Does it mean that x and a are to be communicated privately (off-chain) from sender to recipient of coins? Anything else that is communicated privately?

Also, are commitments required for outputs only or you need to include input commitments as well in your transaction data? If including input commitments, I wonder if it makes sense changing their blinding factors, not just copying them from source outputs.

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October 08, 2015, 05:41:10 PM
 #46

Does it mean that x and a are to be communicated privately (off-chain) from sender to recipient of coins? Anything else that is communicated privately?
Also, are commitments required for outputs only or you need to include input commitments as well in your transaction data? If including input commitments, I wonder if it makes sense changing their blinding factors, not just copying them from source outputs.
x is private by virtue of being the conveyed by an ECDH key negotiation. No external communication is required.  (E.g. go build elements alpha, and give me an address from it and I'll send you some coins!).

They're required for outputs only, and technically only when there are multiple outputs. Inputs are already known to be in range by virtue of having been created as outputs.
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October 08, 2015, 10:00:55 PM
 #47

x is private by virtue of being the conveyed by an ECDH key negotiation. No external communication is required. 
Do the wallets still need to connect directly, without touching the blockchain? How the receiver would learn the amount then?

(E.g. go build elements alpha, and give me an address from it and I'll send you some coins!).
Do I have to be online at the same time as you?

They're required for outputs only, and technically only when there are multiple outputs. Inputs are already known to be in range by virtue of having been created as outputs.
This is about range proofs but I asked about commitments.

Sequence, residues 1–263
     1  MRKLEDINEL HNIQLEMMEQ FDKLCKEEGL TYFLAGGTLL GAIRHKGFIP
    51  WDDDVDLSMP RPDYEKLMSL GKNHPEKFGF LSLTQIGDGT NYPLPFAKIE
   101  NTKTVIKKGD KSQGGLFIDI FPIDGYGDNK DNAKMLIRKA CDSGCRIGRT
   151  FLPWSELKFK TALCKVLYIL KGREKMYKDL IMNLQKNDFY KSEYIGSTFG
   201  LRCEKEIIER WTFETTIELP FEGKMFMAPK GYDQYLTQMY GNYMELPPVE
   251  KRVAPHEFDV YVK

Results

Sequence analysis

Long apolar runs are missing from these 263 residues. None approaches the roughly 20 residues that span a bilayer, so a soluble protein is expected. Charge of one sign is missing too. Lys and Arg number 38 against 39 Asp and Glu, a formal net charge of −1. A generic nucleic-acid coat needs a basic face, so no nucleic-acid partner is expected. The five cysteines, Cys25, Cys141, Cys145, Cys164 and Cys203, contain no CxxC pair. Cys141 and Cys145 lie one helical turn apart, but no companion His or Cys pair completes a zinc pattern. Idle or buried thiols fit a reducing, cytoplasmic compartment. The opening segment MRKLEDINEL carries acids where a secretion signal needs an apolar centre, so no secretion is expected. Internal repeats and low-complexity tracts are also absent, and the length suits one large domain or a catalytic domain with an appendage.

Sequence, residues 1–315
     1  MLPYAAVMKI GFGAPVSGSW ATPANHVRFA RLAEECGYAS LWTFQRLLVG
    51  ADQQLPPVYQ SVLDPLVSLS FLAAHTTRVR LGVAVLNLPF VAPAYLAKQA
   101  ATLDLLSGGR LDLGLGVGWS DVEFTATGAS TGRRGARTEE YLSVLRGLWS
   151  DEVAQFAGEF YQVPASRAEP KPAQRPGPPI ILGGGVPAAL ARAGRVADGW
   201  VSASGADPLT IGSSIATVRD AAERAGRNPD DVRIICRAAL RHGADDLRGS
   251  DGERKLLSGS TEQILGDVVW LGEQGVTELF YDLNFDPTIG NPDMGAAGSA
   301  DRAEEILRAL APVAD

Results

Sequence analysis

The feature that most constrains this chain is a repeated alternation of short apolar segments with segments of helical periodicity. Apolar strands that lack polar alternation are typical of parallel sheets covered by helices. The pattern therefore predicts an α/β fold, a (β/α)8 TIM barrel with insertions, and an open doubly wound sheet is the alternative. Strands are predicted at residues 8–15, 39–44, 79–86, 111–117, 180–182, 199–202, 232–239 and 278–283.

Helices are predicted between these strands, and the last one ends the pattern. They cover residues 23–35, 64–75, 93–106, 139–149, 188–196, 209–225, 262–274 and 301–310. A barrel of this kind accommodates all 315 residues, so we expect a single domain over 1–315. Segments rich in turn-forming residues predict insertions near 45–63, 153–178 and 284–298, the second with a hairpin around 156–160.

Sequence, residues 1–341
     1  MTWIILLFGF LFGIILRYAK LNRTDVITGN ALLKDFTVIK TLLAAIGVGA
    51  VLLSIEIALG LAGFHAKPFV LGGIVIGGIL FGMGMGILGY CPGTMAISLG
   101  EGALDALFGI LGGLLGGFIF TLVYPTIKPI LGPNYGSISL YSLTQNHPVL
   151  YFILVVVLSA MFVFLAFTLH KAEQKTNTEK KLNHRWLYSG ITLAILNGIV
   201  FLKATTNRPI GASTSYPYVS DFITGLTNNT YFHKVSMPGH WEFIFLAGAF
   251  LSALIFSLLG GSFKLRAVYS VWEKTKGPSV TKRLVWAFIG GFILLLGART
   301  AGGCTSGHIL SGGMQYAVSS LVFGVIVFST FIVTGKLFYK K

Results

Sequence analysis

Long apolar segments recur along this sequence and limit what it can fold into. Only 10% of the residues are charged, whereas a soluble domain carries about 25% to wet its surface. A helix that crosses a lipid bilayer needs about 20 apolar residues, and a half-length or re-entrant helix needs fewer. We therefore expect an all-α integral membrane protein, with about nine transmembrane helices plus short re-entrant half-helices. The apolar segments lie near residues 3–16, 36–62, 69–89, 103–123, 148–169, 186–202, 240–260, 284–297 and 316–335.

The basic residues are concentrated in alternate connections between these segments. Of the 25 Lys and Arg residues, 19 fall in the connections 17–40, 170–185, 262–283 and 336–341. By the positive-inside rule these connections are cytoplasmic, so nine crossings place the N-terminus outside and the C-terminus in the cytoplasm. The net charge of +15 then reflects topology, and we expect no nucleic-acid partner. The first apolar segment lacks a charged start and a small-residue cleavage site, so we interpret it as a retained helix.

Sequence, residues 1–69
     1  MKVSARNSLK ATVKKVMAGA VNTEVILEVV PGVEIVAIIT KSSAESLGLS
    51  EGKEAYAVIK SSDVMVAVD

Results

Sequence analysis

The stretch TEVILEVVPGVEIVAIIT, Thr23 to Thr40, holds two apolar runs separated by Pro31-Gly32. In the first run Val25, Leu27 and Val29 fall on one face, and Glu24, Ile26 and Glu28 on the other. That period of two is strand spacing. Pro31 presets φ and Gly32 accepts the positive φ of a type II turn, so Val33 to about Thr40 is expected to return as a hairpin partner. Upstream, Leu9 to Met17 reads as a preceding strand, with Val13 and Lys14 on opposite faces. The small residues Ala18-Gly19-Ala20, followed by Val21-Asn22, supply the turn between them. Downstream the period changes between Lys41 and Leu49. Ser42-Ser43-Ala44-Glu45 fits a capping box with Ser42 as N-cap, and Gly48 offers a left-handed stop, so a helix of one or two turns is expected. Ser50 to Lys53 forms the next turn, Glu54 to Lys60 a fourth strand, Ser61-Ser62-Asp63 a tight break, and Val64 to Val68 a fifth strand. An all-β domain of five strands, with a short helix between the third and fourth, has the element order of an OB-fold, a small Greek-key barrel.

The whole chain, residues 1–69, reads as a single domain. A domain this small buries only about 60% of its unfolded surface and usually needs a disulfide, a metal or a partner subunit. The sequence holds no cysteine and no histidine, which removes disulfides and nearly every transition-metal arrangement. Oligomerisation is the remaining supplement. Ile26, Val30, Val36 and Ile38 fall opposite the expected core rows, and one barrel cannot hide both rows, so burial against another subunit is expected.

Simplicity is beauty
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October 10, 2015, 05:42:18 PM
Last edit: October 10, 2015, 05:57:34 PM by waxwing
 #48

x is private by virtue of being the conveyed by an ECDH key negotiation. No external communication is required.  
Do the wallets still need to connect directly, without touching the blockchain? How the receiver would learn the amount then?
No, the idea is that addresses in Elements alpha contain an ECDH pubkey, so the sender can (non-interactively) send secret information to the receiver using ECDH key exchange. The amount of the transaction output is embedded into the range proof, without taking up more space (it's actually XORed in). No prior interaction is needed between sender and receiver (that's a pretty fundamental requirement of course).

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Do I have to be online at the same time as you?
No, see above.

Quote
They're required for outputs only, and technically only when there are multiple outputs. Inputs are already known to be in range by virtue of having been created as outputs.
This is about range proofs but I asked about commitments.
Both Pedersen commitments and range proofs are published to the network for each vout (utxo).

You might find this doc I wrote useful if you're looking into the details: https://github.com/AdamISZ/ConfidentialTransactionsDoc/blob/master/essayonCT.pdf. For example, the diagram at the end (page 20) of the transaction layout.

PGP fingerprint 2B6FC204D9BF332D062B 461A141001A1AF77F20B (use email to contact)
tonych
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October 11, 2015, 07:28:27 PM
 #49

You might find this doc I wrote useful if you're looking into the details: https://github.com/AdamISZ/ConfidentialTransactionsDoc/blob/master/essayonCT.pdf. For example, the diagram at the end (page 20) of the transaction layout.

Thanks, the doc was very useful for understanding the details.

Simplicity is beauty
ABISprotocol
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January 16, 2018, 06:46:49 AM
 #50

Bump.

ABISprotocol (Github/Gist)
http://abis.io
neerajmittal
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January 16, 2018, 11:37:59 AM
 #51

 Well, I'm impressed. Why you went to the trouble to implement your ring signature scheme makes a lot more sense now.Since the vast majority of transactions will be <42.94967295 BTC, almost all transactions will have exponent zero. So, transactions with exponent >0 will stand out and be much less anonymous. And the inputs and outputs to coin joins will need to have the same exponent.Nothing against it, the space saved is worth the loss of anonymity for very large transactions. But it is probably best to warn people about it so that no one uses confidential transactions incorrectly.Also, if I have several inputs with different exponents (let's say 0,1 and 2) and I want join them into a single ouput, will the protocol force me to have two outputs (with exp 0 and 2) or will it round down the amount.